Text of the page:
How long is your visa for Malawi valid?
As explained earlier, you can buy a multiple entry visa which is valid for six months. A single entry visa is valid for three months from the moment you receive it. Normally, you would use your visa immediately, because you can buy it at the border upon entry. It’s much more important to pay attention to the validity of your permit! At the border you’ll be asked why you came to Malawi. If you come on holiday, to visit family or friends, or volunteer for a short time, you will receive a Visitor’s Permit. This is valid for 30 days. If you want to stay longer, you can simply drop by one of the regional immigration offices. Here you can extend your Visitor’s Permit for up to two times with another 30 days, so that you can be in the country for a total of 90 days. Officially this costs MK 10,000 (approximately USD 13) per renewal. But Malawi wouldn’t be Malawi, if you aren’t sometimes lucky enough to get a discount or even pay nothing at all. Depending on the mood of the officer, so make sure to be very friendly!
Different types of permits
The purpose of your trip determines which type of permit you need for Malawi. These are the most important options:
- Visitor’s Permit: holiday, family visit, short work visit, volunteer work
Valid for 30 days, possible extension by two times 30 days
Cost: first included in your visa, then MK 10,000 per extension
- Temporary Residence Permit (TRP): holiday, family visit
You can apply for the TRP as a follow-up to the 90 day Visitor’s Permit, but do this before it expires. The TRP is valid for six months and can be extended up to one time for another six months. Note that your TRP becomes invalid once you cross the border. In that case you must start over again with a new visa and a Visitor’s Permit.
Cost: USD 100
- Temporary Employment Permit (TEP): working visit, voluntary work, temporary work
The TEP works exactly the same as the TRP, with the difference that you can work on a TEP in Malawi.
Cost: USD 500, plus USD 100 processing fee
- Employment Permit (EP): working under contract
Before you come to Malawi, the EP should be applied for by the organization you will be working for. They must demonstrate that this job can’t be performed by a local. The EP is valid for two years and allows unlimited travel in and out of the country. Extending is possible.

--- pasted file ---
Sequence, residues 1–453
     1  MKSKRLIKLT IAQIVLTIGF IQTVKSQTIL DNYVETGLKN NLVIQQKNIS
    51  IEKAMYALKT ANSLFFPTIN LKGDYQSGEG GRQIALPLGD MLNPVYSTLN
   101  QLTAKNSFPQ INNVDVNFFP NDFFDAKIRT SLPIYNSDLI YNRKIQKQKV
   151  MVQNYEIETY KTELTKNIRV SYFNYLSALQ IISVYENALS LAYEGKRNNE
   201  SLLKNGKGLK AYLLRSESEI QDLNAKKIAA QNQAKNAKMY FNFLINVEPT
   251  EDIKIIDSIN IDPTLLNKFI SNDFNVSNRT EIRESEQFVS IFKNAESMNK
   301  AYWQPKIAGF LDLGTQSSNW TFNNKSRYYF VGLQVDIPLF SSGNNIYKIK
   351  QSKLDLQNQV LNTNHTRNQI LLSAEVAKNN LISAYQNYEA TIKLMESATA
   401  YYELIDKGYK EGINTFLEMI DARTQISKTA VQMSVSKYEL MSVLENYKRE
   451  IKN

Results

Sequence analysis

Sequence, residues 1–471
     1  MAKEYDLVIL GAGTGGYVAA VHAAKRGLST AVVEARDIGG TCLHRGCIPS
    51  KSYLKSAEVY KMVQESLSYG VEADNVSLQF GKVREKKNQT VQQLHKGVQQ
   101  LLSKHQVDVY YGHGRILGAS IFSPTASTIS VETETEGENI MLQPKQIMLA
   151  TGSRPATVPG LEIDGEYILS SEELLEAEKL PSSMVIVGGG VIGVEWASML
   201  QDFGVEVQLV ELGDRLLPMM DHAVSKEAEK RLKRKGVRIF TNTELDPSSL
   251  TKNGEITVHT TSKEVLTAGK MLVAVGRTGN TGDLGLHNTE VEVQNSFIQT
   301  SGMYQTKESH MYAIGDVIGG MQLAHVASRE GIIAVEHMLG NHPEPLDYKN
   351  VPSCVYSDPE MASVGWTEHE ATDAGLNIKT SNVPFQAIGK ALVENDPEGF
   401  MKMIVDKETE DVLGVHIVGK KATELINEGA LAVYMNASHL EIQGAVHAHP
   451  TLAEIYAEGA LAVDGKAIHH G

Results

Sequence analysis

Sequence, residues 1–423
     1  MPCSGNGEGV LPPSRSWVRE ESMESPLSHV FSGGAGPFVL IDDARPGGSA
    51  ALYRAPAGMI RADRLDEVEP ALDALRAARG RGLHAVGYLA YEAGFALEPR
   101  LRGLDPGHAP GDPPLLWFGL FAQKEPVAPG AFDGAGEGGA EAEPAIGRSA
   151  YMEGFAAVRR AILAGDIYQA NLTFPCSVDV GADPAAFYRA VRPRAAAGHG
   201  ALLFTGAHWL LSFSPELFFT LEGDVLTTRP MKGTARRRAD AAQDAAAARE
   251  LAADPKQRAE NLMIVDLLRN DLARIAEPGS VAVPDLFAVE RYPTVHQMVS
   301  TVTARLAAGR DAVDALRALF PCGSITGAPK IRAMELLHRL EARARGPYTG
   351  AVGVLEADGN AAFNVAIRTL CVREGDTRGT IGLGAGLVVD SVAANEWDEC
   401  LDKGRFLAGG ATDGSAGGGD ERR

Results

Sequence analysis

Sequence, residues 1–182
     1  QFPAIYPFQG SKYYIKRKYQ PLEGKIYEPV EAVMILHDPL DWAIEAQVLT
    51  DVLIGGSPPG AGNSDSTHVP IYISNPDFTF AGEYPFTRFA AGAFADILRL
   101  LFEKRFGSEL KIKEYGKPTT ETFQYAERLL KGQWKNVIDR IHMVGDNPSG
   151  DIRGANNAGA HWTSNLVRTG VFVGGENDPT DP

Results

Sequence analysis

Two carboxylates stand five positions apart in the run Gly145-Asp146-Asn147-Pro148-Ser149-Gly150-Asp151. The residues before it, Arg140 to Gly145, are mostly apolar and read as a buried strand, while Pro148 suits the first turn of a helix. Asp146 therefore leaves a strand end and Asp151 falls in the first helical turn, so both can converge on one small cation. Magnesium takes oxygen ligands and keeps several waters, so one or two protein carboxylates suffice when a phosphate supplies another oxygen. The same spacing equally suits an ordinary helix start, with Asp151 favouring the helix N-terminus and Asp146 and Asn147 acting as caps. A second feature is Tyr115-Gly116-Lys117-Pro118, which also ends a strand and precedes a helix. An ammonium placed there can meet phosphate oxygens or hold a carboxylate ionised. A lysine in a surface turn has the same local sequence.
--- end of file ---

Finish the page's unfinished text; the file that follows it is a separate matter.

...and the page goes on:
Cost: USD 2000 or USD 1000 if you start working for a non-profit organization, plus USD 100 processing fee
- Business Residence Permit (BRP): owner of a business
The BRP is for anyone who wants to live in Malawi, starts their own business and invests at least USD 50,000. It is valid for five years and has no travel restrictions.
Cost: USD 7500, plus USD 100 processing fee
- Permanent Residence Permit (PRP): permanent residence
You can apply for the PRP after you have lived on TEP’s and / or BRP’s in Malawi for at least seven consecutive years (five years for residents of the Commonwealth). The PRP is lifelong, but you can’t live outside of Malawi for more than one consecutive year. With a PRP, you can basically do anything that someone with a Malawian passport is allowed to, except for voting.
Cost: USD 10,000, plus USD 100 processing fee
E-visa for Malawi
It should have been possible for a while now, to get a visa for Malawi online. Unfortunately, this e-visa system doesn’t work that well yet. When you visit the website you often get an error or a warning regarding security. If you can enter all your details, the website often crashes when paying. We’ve even heard of someone who could pay but never received confirmation or any kind of evidence. So, for now our advice is; don’t use Malawi e-visa system. At least the government also realizes that a lot of work still needs to be done. Until then, it’s possible to obtain your visa at the border in the “old” way. Why make it complicated, when it doesn’t have to be?
Would you like to check whether all the information you have is still up to date? Don’t be shy and contact us with no strings attached.
We also like to email or call you about planning your trip. Videocalls are also nice, so we get to know each other even better!